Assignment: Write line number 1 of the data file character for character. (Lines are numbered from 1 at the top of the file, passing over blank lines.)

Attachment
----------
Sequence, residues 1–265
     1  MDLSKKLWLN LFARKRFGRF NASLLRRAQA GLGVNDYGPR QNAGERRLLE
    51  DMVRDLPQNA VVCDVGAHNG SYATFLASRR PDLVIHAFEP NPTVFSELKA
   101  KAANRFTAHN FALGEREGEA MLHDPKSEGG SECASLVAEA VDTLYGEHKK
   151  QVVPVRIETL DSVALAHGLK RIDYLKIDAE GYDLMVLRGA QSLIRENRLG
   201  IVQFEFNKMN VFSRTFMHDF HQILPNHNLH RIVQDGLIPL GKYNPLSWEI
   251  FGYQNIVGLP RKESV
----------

Sequence, residues 1–265